Osteosarcoma

Osteosarcoma – An Overview

  • Most common primary bone tumor in dogs
  • “Appendicular” is an adjective relating to the limbs; “axial” is an adjective relating to the head and trunk of the body
  • Osteosarcoma typically affects the appendicular skeleton of large- to giant-breed dogs; may be seen in the axial skeleton (composed of skull, spine, ribs, and sternum)
  • Cancerous (malignant) tumor, with spread to the lungs (known as “lung metastases”) in more than 90% of dogs at the time of diagnosis; lung metastases may be microscopic
  • Osteosarcoma may spread to soft tissues, such as the skin, kidney, and liver
  • Osteosarcoma accounts for up to 85% of primary bone tumors in dogs

Genetics

  • Appears to be inherited in giant breeds, such as Scottish deerhounds and Irish wolfhounds
  • Increased likelihood of developing osteosarcoma does occur in some breeds
  • Breed size and rate of maturity may be more important than breed or family line

Signalment/Description of Pet

Breed Predilections

  • large- to giant-breed dogs

Mean Age and Range

  • bimodal peak at 2 years and 7 years; reported as young as 6 months of age.

Predominant Sex

  • no strong indication that a particular sex is more likely to develop osteosarcoma than the other sex

Signs/Observed Changes in Pet

  • Depend on site
  • Signs may be subtle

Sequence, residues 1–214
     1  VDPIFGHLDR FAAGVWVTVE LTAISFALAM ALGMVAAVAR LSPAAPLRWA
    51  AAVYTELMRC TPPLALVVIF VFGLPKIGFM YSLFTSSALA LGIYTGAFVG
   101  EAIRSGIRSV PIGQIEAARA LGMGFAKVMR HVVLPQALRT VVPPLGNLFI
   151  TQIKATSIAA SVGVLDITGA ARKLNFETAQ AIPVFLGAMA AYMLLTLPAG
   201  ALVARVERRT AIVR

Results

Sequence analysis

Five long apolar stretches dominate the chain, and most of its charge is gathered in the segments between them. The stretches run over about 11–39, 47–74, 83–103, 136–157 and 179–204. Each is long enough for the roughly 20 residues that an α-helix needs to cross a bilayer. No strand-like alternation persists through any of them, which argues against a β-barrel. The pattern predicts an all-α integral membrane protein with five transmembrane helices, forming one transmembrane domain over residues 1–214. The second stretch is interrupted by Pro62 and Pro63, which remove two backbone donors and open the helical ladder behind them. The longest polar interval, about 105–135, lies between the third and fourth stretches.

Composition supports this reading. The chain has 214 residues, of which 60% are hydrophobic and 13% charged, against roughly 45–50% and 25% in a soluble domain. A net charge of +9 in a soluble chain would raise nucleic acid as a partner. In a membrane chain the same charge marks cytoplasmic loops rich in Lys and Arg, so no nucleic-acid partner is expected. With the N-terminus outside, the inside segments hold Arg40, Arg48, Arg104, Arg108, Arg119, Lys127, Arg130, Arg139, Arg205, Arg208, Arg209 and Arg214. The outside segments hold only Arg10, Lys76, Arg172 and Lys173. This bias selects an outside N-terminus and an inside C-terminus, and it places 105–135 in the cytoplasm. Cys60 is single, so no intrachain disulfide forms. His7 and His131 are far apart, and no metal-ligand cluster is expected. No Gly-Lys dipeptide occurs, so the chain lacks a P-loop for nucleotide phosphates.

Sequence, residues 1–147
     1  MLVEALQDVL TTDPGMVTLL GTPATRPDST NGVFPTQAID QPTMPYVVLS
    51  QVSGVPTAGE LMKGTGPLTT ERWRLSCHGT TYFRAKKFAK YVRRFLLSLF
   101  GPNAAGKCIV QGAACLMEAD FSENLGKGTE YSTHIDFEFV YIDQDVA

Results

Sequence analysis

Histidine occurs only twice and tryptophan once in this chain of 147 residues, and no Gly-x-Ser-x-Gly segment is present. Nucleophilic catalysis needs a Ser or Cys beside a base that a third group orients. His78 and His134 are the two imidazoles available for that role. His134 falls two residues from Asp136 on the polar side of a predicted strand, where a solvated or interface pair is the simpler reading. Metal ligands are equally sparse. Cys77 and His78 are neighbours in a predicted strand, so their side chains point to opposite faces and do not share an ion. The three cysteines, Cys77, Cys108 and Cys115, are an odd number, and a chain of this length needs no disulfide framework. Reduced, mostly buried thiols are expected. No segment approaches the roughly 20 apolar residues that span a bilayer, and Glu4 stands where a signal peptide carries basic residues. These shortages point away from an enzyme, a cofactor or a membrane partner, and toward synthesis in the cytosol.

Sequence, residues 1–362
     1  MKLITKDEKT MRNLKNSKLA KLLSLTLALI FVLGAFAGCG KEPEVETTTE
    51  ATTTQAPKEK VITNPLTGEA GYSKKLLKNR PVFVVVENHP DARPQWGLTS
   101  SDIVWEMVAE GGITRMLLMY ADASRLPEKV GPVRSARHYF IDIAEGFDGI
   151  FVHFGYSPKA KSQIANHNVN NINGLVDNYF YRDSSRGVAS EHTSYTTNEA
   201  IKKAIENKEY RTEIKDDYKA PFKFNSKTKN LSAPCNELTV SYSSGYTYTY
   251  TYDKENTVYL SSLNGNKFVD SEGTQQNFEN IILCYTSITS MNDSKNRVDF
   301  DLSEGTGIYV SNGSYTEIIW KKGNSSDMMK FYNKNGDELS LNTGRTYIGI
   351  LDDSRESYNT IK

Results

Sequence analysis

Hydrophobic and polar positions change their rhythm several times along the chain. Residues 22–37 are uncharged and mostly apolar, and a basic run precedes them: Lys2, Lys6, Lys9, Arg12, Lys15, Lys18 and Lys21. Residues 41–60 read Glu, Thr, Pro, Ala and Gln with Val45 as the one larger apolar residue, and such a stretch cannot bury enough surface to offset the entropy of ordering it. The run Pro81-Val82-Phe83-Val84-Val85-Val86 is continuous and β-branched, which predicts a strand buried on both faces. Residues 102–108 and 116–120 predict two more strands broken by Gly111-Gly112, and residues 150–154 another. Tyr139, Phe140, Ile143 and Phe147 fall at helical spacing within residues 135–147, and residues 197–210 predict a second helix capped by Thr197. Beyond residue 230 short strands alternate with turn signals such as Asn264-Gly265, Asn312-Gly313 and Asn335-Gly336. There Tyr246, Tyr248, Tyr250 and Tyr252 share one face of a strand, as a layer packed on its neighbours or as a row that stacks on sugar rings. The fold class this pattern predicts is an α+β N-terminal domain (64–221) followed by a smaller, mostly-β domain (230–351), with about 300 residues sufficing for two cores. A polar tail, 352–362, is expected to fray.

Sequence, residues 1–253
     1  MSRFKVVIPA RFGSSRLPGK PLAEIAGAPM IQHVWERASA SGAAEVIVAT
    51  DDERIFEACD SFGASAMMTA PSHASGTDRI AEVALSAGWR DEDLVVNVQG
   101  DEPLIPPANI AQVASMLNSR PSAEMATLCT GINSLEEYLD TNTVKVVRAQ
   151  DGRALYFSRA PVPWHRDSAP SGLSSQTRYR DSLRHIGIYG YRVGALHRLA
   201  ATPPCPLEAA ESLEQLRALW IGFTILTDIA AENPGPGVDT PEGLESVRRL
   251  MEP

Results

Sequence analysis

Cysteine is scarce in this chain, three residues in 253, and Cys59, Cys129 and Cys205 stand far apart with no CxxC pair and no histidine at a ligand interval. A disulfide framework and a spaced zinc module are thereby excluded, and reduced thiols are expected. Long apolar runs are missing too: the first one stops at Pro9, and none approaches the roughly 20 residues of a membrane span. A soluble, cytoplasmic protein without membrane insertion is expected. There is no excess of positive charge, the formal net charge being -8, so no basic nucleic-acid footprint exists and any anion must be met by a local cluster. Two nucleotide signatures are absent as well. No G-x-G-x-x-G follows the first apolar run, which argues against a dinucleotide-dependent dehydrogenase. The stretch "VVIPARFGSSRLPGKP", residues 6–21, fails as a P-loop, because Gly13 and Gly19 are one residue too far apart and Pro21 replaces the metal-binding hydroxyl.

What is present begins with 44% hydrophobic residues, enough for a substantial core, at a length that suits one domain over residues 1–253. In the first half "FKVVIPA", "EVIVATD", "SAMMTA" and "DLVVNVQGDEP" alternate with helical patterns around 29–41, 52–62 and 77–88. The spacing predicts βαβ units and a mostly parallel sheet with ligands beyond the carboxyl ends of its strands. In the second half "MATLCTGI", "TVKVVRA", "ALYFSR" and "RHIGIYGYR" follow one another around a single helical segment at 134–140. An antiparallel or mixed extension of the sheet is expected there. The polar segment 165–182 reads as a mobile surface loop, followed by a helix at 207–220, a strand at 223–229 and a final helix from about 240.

• Appendicular skeleton (limbs)—welling, lameness, and pain common
  • Axial skeleton (skull, spine, ribs, sternum)—localized swelling, detectable mass, pain
  • Other complaints—lack of appetite (inappetence) and sluggishness (lethargy)
  • A firm, painful swelling of the affected site common
  • Degree of lameness—varies from mild to non–weight-bearing
  • Buildup of fluid (known as “edema”) around affected area
  • Fractures occurring at the site of weakened bone (known as “pathologic fractures”) are rare

Causes

  • Unknown

Risk Factors

  • Dogs—large- to giant-breed dogs; metallic implants at fracture-repair sites; history of exposure to ionizing radiation
  • Early spay/neuter

Treatment

Health Care

  • Diagnostic evaluation—outpatient
  • Surgery and the first chemotherapy treatment—inpatient
  • Subsequent chemotherapy—outpatient
  • Manage pain, as needed
  • Radiation therapy will decrease pain effectively in dogs

Activity

  • Restricted after surgery, until adequate healing has occurred

Diet

  • Dietary management is not required
  • Weight lost may benefit amputees in general

Surgery

Appendicular Sites (Relating to the Limbs)

  • Amputation of affected limb—limb amputated at the forequarter (including the scapula and shoulder joint) or hip
  • Limb-sparing or salvage therapy—used for osteosarcoma of the distal radius (bone in the lower front leg); available at a limited number of referral hospitals
  • Chemotherapy—recommended after either surgical procedure

Axial Sites (Relating to the Head and Trunk of the Body)

  • Amputation of affected limb—limb amputated at the forequarter (including the scapula and shoulder joint) or hip
  • Limb-sparing or salvage therapy—used for osteosarcoma of the distal radius (bone in the lower front leg); available at a limited number of referral hospitals